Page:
More than 15 million foldable phones will be bought worldwide this year, and the segment, while still niche, is growing in an overall shrinking smartphone market. Samsung has the “lion’s share”, but the rivals are not in vain either. What the present looks like for foldable phones and what’s next.
Samsung foldable phonesPhoto: Hotnews
Counterpoint data says that 9 million foldable phones were sold in the world in 2021, and there will be 16 million this year. In the first part of this year, the market shares look like this: Samsung 62%, Huawei 16% and Oppo 3%. For the second part of the year, as the new Z Flip4 and Z Fold4 models have been launched, Samsung is expected to have an 80% share.
It’s long past 2019 when the first models were launched and when Samsung had big problems with the screen of its first foldable phone. The released models are no longer like test ones, they have become mature, they are much more resistant, the hinges no longer seem fragile and it has been clearly proven that they can be used successfully every day.
IDC estimates that in 2025 more than 27 million foldable phones could be sold in the world, and various sources estimate that in 2024 or 2025 Apple will release the first foldable model, which will mean that it could quickly reach the second place in terms of market.
The biggest minus for foldables is the price: Z Fold 4 starts from 8,900 lei, and Z Flip 4 from 5,400 lei, a good point being at least that the prices have not changed much compared to last year, especially since they have increased prices of various components.
Clearly, there is still a lot of work to be done in terms of price reduction, and this should be seen in the coming years. However, we shouldn’t expect spectacular price drops: probably in the future Z Flip generations the launch price can drop below 5,000 lei in the coming years, but it seems hard to believe that it will reach the area of 4,000 – 4,500 lei.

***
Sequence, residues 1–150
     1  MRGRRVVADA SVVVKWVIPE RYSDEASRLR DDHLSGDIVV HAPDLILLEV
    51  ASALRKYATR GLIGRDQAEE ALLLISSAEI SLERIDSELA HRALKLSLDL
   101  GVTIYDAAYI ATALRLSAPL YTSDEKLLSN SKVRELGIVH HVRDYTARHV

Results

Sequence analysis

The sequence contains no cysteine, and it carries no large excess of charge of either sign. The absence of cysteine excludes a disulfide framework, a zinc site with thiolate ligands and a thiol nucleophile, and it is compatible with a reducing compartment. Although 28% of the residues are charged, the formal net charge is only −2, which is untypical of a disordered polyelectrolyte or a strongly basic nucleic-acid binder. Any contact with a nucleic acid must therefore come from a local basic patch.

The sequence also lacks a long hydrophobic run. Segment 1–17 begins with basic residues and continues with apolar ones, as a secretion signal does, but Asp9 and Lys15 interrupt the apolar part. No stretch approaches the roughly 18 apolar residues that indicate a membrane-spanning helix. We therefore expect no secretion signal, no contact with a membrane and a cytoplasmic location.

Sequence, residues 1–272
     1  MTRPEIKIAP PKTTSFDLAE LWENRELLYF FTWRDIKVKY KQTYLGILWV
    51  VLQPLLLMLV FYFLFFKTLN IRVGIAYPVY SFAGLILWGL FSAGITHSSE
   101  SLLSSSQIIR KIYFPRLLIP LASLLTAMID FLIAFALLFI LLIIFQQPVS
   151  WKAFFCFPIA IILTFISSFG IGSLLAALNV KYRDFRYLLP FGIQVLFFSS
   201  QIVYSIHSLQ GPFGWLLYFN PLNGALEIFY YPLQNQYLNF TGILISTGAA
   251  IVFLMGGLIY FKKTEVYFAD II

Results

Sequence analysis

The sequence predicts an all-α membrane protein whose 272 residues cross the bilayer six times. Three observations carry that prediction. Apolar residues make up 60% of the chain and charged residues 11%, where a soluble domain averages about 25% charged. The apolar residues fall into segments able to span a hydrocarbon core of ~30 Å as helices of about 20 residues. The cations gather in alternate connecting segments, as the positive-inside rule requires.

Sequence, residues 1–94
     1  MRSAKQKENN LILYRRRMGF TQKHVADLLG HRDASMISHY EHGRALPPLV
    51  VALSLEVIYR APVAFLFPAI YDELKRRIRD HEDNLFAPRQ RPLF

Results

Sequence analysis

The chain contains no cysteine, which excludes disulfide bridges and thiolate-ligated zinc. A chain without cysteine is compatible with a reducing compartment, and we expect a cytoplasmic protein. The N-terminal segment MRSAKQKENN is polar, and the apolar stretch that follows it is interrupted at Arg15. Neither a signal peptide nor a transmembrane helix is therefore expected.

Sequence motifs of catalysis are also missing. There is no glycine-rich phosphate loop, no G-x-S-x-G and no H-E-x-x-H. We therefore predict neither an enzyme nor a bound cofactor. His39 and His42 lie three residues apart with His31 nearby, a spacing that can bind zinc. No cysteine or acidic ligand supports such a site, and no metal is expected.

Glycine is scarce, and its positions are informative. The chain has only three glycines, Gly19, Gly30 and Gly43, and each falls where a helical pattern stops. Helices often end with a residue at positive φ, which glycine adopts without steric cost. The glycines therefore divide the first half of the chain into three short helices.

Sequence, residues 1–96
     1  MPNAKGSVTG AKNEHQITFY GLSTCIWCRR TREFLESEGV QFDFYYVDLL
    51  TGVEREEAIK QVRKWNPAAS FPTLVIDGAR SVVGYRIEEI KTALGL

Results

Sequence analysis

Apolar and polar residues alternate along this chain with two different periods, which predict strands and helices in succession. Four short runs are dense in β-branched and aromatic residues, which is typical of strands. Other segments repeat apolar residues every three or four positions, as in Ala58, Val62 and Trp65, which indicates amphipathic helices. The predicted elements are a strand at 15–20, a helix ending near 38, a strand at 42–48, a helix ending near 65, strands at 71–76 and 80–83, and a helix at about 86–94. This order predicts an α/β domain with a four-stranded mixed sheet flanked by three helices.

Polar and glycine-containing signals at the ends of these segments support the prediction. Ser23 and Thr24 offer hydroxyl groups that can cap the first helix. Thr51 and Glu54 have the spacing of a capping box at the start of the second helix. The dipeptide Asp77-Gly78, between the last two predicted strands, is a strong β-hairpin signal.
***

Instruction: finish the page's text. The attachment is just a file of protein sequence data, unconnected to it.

As for the Z Fold, being the super-premium model with a large screen, no significant price reductions can be expected and it will clearly remain at over 1,500 euros.
Flip phones are interesting because they are so different from classic smartphones, you can “juggle” between a large screen and a small one, and you can easily use several applications at once. Plus, the big screen is great for movies and games.
Companies are making and launching foldables because the profit margin is much higher on them than on entry-level or mid-range phones, and global figures show 20% growth in super-premium smartphone sales, those that cost $900 and up.
Overall, the entire smartphone market is falling, but the premium segment is growing, the most profitable for companies like Samsung and Apple.
But foldables will remain a niche, because they have prices of over 5,000 lei in a market where most Romanians buy phones in the range of 1,000-1,500 lei.
Critics of foldable phones say that they have more minuses than pluses, starting from the steep price and the fact that these phones will be both a smartphone and a tablet at the same time, but they are not exceptional in either category, being heavy, thick and fragile Critics also say that it is better – and clearly cheaper – to get a good smartphone, but also a tablet to use when you need to watch content on a big screen.
But these ‘foldable’ phones brought diversity to a segment of smartphones where all models looked pretty much the same and ‘fresh air’ was needed. It remains for foldables to become affordable, and that will depend on the price of the components, but also on the technological solutions that companies such as Samsung, Huawei, Oppo, Motorola and, finally, Apple will find.
Companies are testing phones with various ways of folding and “folding” and have a lot of prototypes, but few have a chance to reach the mainstream, since they have to be durable and have a reasonable price.